Our Work


For a complete list of IACD documents, please click here.

Integrated Adaptive Cyber Defense (IACD) is a strategy and framework to adopt an extensible, adaptive, commercial off-the-shelf (COTS)-based approach to cybersecurity operations.

IACD increases the speed and scale of cyber defenses by leveraging automation to enhance the effectiveness of human defenders, moving them outside the response loop into a response planning and approval role “on the loop” of cyber defense.

This effort is sponsored by the Department of Homeland Security (DHS) and the National Security Agency (NSA) in collaboration with the Johns Hopkins University Applied Physics Laboratory (JHU/APL). Through jointly sponsored research (in collaboration with the private sector), IACD defines a framework—including reference architectures, draft specifications for interoperability, use cases, and implementation examples—to adopt this extensible, adaptive approach to cybersecurity operations.

Our goal is to dramatically change the timeline and effectiveness of cyber defense via integration, automation, and information sharing.

IACD logos

Our Approach

Our approach is to rapidly and iteratively execute a series of reference implementations, each exploring specific use cases in order to:

  • Prove concepts using integrations of commercial products
  • Provide insights into potential challenges
  • Identify gaps in technology, the availability of commercial solutions, policies, and standards
  • Gather requirements to facilitate appropriate standards development

Spiral Summaries

During a period of 90 days, JHU/APL selects IACD concepts to research, architect, and implement. In a world where cybersecurity and technology are rapidly advancing, this fast-paced spiral development plan aims to keep up with the cyber defense community as well as to develop and advance complex concepts. JHU/APL is currently in their seventh iteration of spiral development exploring “Trust, Automated, Response Actions Across Environments.” The timeline below offers brief summaries of the outcomes from each of the past spirals.

Spiral Timeline »


Relevent Documents:
IACD Baseline Reference Architecture*

*We want your feedback!

The IACD architecture is intended to be a flexible, extensible, and interoperable framework that allows vendors, users, and stakeholders to consider the critical elements of IACD and what is necessary to integrate a variety of products to meet the specifics of a given enterprise. Additionally, the IACD architecture is continually being updated to reflect recent research, analysis, and experimentation.


Relevent Documents:
Orchestration Thin Specification*

*We want your feedback!

To help the cyber defense community adopt and implement IACD, certain capabilities and services require specifications. The intent is to provide the cyber defense community with minimum sets of requirements for particular IACD components. The intent of specifications is to help further define IACD components so that products that currently exist or products that are currently being developed can align themselves with IACD capabilities and services. Additionally, the goal of the specifications is to elicit feedback from the community to be leveraged.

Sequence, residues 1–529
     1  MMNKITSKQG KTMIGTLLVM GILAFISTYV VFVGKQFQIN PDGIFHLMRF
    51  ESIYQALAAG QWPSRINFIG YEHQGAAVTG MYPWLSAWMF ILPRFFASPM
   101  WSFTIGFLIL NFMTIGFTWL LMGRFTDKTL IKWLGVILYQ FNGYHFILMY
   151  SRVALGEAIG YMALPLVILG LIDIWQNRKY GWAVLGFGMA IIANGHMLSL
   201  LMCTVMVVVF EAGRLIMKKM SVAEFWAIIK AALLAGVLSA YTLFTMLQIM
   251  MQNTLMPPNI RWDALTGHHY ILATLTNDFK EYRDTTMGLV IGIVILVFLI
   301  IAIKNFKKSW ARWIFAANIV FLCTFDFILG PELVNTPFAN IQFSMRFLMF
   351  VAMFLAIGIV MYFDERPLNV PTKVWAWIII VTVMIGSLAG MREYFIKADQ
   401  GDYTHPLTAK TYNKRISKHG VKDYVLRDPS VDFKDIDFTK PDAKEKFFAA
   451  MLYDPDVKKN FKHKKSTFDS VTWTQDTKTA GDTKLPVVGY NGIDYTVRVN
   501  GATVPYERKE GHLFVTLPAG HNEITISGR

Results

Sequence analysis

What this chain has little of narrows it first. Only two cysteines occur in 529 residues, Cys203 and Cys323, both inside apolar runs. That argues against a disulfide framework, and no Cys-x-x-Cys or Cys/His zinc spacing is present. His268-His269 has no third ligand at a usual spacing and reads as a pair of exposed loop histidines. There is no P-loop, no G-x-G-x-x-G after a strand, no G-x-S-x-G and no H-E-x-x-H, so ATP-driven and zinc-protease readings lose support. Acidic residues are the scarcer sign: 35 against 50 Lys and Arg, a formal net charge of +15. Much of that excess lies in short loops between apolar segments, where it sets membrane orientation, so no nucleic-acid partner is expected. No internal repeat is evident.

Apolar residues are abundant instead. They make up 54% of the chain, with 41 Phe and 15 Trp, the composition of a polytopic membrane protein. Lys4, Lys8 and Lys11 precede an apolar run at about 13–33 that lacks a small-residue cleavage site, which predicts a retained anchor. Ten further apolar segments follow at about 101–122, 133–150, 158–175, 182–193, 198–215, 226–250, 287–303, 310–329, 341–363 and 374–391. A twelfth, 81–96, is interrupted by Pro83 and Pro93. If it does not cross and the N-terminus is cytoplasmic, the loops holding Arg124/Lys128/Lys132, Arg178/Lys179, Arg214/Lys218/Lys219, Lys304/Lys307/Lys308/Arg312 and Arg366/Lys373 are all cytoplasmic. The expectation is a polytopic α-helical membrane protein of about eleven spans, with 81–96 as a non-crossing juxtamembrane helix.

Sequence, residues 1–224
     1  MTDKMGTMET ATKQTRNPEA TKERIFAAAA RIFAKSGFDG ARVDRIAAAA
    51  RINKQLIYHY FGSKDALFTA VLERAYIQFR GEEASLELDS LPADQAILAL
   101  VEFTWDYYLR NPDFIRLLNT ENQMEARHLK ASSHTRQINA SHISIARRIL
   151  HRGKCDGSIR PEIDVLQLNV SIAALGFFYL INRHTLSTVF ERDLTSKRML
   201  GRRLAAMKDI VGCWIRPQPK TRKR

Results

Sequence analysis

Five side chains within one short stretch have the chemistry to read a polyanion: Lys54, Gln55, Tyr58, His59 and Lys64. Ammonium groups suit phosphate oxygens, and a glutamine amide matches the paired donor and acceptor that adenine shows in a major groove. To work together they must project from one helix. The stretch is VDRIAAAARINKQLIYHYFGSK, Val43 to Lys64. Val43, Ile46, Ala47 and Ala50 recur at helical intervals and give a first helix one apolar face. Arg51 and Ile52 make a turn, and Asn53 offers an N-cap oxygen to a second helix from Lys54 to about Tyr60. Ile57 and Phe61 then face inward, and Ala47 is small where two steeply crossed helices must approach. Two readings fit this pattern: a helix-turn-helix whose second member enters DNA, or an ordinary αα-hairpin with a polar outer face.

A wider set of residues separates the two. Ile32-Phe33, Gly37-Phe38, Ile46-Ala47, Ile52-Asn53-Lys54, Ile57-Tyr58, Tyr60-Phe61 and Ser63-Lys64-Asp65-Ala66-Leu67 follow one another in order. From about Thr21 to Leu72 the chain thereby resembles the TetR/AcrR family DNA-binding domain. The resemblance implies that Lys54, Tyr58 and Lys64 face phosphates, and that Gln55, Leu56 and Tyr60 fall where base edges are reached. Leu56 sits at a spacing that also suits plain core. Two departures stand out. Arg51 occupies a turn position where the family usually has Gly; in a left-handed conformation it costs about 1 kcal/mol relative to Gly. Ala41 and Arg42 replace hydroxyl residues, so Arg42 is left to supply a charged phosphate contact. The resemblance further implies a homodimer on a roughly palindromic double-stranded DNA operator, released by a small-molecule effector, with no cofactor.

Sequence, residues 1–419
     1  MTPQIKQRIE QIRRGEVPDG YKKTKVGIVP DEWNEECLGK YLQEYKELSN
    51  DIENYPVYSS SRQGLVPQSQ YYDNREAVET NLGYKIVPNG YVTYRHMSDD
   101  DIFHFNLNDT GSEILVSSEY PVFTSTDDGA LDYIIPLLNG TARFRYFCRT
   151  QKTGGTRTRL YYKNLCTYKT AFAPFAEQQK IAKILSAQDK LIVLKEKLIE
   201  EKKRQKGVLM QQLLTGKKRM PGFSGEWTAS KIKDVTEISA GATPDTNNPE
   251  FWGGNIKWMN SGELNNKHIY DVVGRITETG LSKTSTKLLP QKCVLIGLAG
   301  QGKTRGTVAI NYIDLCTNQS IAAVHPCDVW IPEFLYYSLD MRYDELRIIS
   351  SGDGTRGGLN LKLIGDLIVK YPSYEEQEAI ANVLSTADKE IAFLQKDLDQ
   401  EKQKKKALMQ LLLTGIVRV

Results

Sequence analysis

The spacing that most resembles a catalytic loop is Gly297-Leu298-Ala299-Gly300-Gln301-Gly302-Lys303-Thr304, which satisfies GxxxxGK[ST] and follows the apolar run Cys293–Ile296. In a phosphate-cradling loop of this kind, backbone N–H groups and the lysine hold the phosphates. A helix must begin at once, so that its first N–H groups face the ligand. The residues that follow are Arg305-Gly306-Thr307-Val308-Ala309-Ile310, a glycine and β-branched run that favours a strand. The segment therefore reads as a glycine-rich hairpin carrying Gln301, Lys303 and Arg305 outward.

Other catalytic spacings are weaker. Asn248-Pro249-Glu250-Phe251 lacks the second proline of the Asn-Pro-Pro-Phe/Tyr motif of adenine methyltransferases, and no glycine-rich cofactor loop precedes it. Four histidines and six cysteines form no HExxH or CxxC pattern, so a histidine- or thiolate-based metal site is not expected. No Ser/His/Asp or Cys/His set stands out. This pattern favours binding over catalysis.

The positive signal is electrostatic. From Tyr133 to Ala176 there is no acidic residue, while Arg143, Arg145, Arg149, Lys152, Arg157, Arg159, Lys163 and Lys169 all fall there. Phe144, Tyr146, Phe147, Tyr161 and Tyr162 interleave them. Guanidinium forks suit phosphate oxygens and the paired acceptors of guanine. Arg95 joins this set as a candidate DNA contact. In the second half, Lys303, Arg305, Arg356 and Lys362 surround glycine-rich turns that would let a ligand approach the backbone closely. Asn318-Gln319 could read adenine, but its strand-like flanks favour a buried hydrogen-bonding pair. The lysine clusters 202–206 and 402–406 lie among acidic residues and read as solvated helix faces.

Integration Development

Spiral integration work, whether experimental in nature or supporting a pilot implementation, is a critical element in advancing the IACD framework and the adoption of IACD capabilities. Insight derived from this work supports the development and refinement of the reference materials posted on this website (e.g., architecture) and provides worked examples that others can use to develop and implement their own IACD solutions.


IACD provides a mechanism where business- and operations-driven objectives, processes, and controls—including those captured via a Cybersecurity Framework profile—can be translated and applied as automated response actions. Via IACD playbooks, conditions, indicators, and controls that drive the need for cybersecurity responses are captured for orchestration services to monitor and execute.

Playbooks bridge the gap between an organization’s policies and procedures and a security automation and orchestration (SA&O) vendor’s capabilities by showing how an SA&O vendor is able to satisfy a client’s policy and procedure requirements through repeatable and auditable processes, with points where security automation can be implemented.

Supporting Materials Playbooks
Why IACD Playbooks? Autoimmunity Playbook for Information Brokers
What’s in a Playbook? Investigate Loss of Internal Service and Rebuild Server Playbook
How to Build a Playbook?

Playbook Jam Sessions

At Integrated Cyber on October 17, 2017, the Center for Internet Security and JHU/APL co-hosted a playbook jam session. Three IACD playbooks were created as a result of that session:

  • Asset Management: Compromised Local Admin Credential Detected
  • Account Control: Employee Transitions or Leaves Organization
  • Asset Management: Potential Malware Detected on Device

To see these playbooks, click here.

Notes: Whenever there are options for analysts/operators to select, approve, or authorize, they may choose a “none of the above” option, which simply moves them to the next step in the playbook. For example, in the Compromised Credentials playbook, an organization may not want to take any initial actions to mitigate until they perform more in-depth analysis. Also, a workflow that is implemented at an organization may skip steps depending on conditional logic (e.g., Was the employee fired? If yes, do not do an extra investigation and go straight to restriction of privileges).